Please give us a little perspective of how water will continue to impact housing costs and what would you encourage your community to do in order to position itself to explore water resources for the future?
Water tap fees are a substantial part of home building costs; we have recently adjusted them to be more equitable for the small home category. I am impressed with the Town’s work to secure a diverse set of water rights, as well as a myriad of conservation efforts to ensure we have enough water for Erie at build-out.

What do you think the pros and cons of Inclusionary Zoning are? Do you feel it promotes or hinders attainable housing?
In the past, mandatory inclusionary zoning policies have been the only way that inclusionary housing has been built in and around Denver. I’m very much open to hearing from home builders on how they can accomplish this voluntarily, but feel that a mandatory inclusionary policy will most likely be required.

How about Impact Fees?
Impact fees allow the Town to embrace the “development pays its way” model of infrastructure improvement and maintenance. This is especially important for transportation, parks, police, and public impact fees to ensure our infrastructure is properly maintained into perpetuity. On the negative side, these fees add an incredible cost load to a home before any building activity begins and represents a significant barrier to adding attainable/affordable housing to our community. I look to other sources of funding (state/federal programs, sales tax increments, etc.) to offset these costs for inclusionary housing.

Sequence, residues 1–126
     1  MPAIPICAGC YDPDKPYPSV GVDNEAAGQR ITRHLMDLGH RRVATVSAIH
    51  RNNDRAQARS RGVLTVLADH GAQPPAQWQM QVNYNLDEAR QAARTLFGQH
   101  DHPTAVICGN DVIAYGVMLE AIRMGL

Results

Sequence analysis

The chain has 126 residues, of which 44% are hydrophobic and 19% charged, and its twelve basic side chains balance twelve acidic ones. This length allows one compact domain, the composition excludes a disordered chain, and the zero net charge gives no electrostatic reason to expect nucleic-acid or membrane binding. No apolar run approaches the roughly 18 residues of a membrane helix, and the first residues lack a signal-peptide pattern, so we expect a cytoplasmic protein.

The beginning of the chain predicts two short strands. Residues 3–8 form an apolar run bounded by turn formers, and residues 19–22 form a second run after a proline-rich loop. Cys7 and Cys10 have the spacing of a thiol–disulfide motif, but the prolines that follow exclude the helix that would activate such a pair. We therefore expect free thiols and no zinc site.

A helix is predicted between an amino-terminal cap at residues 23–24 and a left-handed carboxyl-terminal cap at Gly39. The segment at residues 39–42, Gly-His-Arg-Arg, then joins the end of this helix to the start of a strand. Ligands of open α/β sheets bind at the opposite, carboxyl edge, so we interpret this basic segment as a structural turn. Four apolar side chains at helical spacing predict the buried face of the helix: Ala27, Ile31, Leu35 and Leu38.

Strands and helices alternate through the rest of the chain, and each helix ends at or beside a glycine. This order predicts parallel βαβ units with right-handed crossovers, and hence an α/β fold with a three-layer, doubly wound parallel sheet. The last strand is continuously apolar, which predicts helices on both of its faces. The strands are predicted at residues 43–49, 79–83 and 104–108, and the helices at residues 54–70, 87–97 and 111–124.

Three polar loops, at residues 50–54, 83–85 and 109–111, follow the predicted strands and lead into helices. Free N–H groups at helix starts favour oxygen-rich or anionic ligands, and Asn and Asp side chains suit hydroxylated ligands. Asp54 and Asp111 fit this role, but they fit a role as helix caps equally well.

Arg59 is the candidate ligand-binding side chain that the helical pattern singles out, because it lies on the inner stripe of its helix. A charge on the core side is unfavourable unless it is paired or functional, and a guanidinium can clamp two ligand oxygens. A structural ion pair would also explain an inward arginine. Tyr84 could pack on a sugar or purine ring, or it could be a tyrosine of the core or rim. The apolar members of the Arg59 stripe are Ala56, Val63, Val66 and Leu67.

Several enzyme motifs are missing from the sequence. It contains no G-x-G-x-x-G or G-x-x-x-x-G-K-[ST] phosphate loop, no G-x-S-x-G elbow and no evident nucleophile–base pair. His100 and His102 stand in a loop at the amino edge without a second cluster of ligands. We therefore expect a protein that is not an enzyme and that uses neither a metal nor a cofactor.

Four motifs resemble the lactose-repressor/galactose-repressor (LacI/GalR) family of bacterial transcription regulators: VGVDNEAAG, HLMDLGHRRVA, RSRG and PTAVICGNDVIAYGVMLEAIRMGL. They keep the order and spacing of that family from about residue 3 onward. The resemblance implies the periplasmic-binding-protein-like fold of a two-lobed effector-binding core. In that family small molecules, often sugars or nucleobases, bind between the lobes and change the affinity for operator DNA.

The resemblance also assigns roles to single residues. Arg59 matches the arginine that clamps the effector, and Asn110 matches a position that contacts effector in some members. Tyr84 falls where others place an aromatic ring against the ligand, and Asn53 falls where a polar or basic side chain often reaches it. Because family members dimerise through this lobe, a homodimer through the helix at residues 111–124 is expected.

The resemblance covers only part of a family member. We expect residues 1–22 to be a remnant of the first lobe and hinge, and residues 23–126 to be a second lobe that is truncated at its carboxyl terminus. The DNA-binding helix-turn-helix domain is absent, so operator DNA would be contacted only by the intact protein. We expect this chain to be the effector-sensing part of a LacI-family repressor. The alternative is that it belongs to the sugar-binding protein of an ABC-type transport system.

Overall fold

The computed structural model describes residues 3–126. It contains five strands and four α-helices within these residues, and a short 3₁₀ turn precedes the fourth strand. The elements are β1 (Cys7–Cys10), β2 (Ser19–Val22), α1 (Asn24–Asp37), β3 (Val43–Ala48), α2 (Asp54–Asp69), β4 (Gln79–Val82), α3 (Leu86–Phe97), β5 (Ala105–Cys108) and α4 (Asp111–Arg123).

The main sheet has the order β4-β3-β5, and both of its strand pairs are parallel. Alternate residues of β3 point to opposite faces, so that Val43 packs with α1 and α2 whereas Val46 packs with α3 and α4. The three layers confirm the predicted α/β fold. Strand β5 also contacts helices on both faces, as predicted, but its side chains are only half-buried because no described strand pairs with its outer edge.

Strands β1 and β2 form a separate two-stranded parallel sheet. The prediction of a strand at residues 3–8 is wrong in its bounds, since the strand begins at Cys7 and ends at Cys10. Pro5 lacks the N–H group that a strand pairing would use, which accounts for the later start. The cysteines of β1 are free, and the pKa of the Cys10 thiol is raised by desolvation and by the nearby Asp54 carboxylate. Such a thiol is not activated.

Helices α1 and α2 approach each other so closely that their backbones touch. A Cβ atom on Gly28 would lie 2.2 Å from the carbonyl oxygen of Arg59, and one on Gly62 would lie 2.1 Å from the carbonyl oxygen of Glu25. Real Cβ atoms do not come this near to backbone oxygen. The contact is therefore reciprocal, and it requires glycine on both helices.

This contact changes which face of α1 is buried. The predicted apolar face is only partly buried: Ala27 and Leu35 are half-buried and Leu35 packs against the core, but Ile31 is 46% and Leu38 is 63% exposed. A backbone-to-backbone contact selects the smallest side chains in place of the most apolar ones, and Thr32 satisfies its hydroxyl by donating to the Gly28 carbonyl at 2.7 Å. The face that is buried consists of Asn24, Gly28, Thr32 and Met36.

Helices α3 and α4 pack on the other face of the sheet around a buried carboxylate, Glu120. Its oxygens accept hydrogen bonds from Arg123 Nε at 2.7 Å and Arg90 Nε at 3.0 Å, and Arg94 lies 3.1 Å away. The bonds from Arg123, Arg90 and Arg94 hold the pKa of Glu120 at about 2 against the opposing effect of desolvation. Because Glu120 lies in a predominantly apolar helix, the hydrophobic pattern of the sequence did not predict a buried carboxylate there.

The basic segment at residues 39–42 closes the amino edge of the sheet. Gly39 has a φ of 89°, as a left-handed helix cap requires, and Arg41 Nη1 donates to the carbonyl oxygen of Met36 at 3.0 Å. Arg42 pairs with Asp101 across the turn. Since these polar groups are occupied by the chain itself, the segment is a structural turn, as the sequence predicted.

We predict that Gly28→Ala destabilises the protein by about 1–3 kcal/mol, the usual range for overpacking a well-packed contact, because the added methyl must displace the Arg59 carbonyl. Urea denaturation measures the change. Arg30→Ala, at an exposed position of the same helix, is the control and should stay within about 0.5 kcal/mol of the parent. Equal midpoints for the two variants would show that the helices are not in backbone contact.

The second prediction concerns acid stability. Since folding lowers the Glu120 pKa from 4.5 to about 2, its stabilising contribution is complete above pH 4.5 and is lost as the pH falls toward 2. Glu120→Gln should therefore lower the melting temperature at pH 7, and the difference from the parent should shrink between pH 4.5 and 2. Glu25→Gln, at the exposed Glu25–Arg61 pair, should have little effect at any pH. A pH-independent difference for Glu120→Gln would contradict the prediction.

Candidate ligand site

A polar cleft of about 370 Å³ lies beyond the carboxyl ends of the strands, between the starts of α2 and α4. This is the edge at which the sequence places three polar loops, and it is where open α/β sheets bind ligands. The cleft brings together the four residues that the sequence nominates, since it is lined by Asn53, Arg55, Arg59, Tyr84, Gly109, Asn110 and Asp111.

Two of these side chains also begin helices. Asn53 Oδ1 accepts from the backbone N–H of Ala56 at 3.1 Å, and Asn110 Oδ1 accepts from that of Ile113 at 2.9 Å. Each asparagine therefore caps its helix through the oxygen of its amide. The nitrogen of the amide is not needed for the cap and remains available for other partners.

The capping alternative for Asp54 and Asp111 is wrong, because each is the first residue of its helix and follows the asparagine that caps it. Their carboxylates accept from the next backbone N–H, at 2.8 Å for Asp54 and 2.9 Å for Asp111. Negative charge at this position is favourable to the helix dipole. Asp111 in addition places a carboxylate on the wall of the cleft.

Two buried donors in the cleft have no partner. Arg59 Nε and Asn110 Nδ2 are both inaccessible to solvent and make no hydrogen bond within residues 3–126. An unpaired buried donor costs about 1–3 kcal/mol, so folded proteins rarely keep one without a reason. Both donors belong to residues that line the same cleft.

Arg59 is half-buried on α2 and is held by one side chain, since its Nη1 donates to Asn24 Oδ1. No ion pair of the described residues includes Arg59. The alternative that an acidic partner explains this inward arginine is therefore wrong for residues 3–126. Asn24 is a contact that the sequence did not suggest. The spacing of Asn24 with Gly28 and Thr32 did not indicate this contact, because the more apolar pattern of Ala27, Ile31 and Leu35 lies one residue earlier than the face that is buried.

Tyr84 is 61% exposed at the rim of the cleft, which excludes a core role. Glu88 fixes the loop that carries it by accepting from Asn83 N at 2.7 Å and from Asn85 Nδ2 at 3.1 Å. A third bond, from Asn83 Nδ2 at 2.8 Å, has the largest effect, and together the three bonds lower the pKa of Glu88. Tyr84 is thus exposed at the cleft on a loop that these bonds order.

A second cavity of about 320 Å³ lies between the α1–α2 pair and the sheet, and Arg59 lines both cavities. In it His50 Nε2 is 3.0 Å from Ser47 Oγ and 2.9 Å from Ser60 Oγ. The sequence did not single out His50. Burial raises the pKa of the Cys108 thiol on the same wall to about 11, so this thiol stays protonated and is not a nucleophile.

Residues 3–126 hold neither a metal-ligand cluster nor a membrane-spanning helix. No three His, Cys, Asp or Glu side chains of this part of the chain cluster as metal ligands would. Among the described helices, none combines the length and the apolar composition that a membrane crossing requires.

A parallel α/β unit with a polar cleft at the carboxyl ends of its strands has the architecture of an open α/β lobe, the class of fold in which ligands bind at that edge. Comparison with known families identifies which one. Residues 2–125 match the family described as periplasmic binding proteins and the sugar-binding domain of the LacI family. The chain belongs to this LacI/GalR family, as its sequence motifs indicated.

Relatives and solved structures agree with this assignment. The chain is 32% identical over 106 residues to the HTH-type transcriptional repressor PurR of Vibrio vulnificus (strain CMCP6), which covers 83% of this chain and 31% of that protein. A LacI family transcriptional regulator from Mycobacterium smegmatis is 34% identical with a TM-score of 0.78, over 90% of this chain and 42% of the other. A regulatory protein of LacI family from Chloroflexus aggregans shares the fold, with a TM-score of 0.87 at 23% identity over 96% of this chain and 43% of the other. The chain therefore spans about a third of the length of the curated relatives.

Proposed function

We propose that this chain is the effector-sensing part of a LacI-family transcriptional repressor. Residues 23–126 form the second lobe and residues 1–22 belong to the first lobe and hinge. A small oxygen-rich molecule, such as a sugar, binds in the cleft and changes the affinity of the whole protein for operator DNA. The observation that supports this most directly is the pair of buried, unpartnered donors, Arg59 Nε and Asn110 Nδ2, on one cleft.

Do you foresee the front range of Northern Colorado continuing to be one of the nation’s fastest growing metropolitan areas into the foreseeable future; and if so what plans are in the works to increase infrastructure, housing and job market to support the growth?
Yes, I do. By pursuing innovative projects like Town Center, Westerly, and Erie Gateway, we are making substantial long-term investments in Erie’s future that will secure our economic and environmental sustainability.

What changes has your community experienced in the areas of traditional revenue streams as a result from the pandemic, energy industry shifts, sales/property tax, etc.? Are there plans to offset these changes?
The Town has done incredibly well through the Covid-19 pandemic; housing starts were well above expectations, sales tax revenue is robust and diverse, and we’re nearing pre-pandemic levels of commercial activity. The Town has benefitted greatly from a fiscally conservative approach for many years; we have one of the healthiest general fund balances of any municipality in the region. Revenues from oil & gas extraction are negligible, only expected to decline, and do not cover the costs for air quality monitoring nor staff time to deal with oil & gas issues. I’m looking to the passing of HB22-1244 to eventually fund air quality monitoring and enforcement.

Do you feel natural gas still has an important role to play in maintaining affordable energy sources for new homes, as a choice for homeowners?
No. I’m frustrated by legislative bills like HB22-1020 (previously introduced as HB21-1034) which attempt to prop up the fossil fuel industry at the expense of moving to a just and equitable transition to a renewables future. I’m also shocked and saddened by the fossil fuel price gouging during the 2021 Texas power crisis and at the gasoline pumps today. These instabilities in weather and geopolitics, along with the impending climate crisis, underscore the need to make this transition as quickly as possible.